Amazon Is Offering Gift Cards To Customers Who Complain About Its Data Breach: Report

Amazon Is Offering Gift Cards To Customers Who Complain About Its Data Breach: Report

After Amazon informed its customers last week that a “technical error” had inadvertently exposed their email addresses, the e-commerce giant is now reportedly offering gift cards as restitution to victims of the breach.

Tom’s Guide reported Thursday that it viewed email and chat correspondence between Amazon and customers who claim they were offered Amazon gift cards of between $5 and $100. Additionally, some users on Reddit have also reported being offered money by the company after they complained about the breach. Per Tom’s Guide:

Amazon user Paul Gagnon told Tom’s Guide that “after calling Amazon customer service to ask them how my information was disclosed to (no answer to that of course), and after asking to be bumped up to a supervisor, I was offered $137 (with no strings attached) as an apology.”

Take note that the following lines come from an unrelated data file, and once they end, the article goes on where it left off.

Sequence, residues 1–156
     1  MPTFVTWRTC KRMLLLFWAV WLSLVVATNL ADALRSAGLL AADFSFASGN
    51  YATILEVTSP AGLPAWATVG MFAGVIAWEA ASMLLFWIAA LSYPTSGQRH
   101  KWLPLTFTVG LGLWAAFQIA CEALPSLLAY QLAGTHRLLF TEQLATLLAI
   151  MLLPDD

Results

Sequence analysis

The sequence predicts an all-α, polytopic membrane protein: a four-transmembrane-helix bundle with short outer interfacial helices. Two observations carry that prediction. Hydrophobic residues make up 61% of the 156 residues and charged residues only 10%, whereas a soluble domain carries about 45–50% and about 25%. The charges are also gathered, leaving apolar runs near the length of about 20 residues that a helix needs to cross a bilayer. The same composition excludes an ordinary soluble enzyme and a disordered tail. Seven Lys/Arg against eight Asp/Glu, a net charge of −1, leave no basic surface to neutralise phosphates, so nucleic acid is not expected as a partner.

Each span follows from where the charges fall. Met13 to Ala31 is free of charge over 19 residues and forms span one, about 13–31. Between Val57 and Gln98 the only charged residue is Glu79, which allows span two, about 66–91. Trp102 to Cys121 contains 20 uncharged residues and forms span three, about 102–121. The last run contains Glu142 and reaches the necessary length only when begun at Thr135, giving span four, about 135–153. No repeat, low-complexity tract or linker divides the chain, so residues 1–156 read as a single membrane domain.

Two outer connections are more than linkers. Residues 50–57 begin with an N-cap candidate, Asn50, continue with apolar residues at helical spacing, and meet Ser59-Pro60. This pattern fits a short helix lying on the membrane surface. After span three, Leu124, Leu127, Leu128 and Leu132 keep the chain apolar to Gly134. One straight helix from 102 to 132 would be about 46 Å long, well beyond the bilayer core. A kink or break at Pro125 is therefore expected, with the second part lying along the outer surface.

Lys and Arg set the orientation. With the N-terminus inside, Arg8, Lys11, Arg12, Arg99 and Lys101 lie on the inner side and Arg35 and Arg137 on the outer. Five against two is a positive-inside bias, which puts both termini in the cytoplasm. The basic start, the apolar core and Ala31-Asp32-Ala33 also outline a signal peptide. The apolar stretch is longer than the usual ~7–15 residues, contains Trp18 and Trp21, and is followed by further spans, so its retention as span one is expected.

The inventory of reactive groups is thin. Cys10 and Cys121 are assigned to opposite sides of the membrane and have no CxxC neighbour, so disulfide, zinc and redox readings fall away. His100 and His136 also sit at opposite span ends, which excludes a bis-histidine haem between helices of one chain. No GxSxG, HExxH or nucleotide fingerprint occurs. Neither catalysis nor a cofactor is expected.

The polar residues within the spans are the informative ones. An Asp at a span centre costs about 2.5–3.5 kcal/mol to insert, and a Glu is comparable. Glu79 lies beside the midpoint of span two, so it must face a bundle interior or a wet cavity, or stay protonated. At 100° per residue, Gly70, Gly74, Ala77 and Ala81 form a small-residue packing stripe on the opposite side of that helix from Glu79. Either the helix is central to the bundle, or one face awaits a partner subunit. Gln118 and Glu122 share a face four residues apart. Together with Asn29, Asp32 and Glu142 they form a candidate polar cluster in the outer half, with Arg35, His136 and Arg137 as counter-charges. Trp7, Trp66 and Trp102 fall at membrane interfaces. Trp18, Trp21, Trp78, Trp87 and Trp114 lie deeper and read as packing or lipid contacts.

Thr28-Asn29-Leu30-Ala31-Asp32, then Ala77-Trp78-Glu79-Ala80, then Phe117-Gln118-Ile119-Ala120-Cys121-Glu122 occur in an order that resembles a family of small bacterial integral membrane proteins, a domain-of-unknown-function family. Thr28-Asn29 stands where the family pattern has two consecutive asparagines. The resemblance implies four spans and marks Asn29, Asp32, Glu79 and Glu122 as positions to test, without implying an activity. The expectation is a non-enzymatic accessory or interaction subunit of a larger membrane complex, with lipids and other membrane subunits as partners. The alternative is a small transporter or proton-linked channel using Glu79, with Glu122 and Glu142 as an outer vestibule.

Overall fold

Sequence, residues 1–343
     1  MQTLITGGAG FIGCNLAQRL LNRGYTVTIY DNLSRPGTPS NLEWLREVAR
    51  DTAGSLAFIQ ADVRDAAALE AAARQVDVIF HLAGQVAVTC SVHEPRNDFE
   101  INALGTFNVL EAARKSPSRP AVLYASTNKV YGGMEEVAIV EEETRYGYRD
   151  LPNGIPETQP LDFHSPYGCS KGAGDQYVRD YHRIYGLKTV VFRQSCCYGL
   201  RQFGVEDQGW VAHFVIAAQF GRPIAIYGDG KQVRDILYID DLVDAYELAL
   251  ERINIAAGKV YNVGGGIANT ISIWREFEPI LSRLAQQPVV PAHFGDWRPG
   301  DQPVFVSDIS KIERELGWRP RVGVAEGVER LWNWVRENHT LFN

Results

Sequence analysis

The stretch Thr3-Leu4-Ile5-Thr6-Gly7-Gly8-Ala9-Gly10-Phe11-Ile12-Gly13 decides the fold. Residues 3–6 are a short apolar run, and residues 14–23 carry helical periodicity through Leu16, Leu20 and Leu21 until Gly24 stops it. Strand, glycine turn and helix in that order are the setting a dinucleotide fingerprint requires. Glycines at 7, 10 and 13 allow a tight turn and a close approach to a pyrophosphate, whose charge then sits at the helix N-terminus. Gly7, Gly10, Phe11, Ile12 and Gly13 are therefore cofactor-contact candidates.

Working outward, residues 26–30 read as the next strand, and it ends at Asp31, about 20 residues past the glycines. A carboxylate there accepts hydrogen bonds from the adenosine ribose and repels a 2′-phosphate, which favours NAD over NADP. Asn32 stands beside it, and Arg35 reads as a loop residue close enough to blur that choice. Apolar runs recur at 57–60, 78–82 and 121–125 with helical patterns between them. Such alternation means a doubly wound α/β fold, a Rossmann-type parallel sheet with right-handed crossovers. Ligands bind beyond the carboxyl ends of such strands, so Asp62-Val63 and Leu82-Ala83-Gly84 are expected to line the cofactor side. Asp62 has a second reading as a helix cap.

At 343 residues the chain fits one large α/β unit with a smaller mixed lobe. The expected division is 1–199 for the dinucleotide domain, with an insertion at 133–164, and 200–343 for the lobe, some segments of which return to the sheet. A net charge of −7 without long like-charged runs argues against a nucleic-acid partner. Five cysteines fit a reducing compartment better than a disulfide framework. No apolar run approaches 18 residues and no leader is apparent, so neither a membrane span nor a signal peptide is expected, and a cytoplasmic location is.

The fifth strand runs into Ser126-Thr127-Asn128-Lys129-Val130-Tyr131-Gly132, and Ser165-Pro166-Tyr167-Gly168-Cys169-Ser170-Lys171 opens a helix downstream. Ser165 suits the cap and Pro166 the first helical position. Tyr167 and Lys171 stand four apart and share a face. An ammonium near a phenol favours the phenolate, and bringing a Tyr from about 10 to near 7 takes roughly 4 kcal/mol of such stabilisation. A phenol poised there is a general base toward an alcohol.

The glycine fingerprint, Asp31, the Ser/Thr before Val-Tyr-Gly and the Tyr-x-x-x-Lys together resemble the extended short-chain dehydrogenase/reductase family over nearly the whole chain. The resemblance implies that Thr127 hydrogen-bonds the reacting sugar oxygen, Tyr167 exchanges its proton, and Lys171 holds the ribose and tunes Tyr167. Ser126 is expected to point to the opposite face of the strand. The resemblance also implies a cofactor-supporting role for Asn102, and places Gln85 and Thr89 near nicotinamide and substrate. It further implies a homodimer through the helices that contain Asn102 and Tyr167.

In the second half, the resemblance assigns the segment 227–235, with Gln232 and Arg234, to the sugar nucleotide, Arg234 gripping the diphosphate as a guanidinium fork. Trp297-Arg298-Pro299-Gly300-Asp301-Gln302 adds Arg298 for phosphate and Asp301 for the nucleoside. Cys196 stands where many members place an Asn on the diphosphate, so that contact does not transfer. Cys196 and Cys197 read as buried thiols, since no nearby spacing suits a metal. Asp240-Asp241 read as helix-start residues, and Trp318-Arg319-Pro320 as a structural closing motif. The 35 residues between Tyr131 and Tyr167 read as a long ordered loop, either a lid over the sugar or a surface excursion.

We haven’t heard of any other Amazon customers receiving anywhere near the amount that Gagnon received. However, some users have received gift cards in smaller quantities in response to complaints.

According to Tom’s Guide, there “doesn’t seem to be much rhyme or reason to who and who is not receiving gift cards.” A spokesperson for Amazon did not immediately return Gizmodo’s request for comment.

The company’s most recent data breach exposing customer email addresses arrived just days ahead of Black Friday. The company contacted some customers by email on Wednesday informing them that “our website inadvertently disclosed your email address due to a technical error.”

The company added that the issue had been fixed and that there wasn’t any need to change their password but offered little else in the way of an explanation about the extent of the breach.

An Amazon spokesperson told Gizmodo last week that it had “fixed the issue and informed customers who may have been impacted.” But the company revealed neither how many people were impacted by the breach nor how, specifically, the information was exposed.

Considering that this is the second breach of customer email addresses in less than two months, it’s no wonder the company is throwing money at the issue.

[Tom’s Guide]

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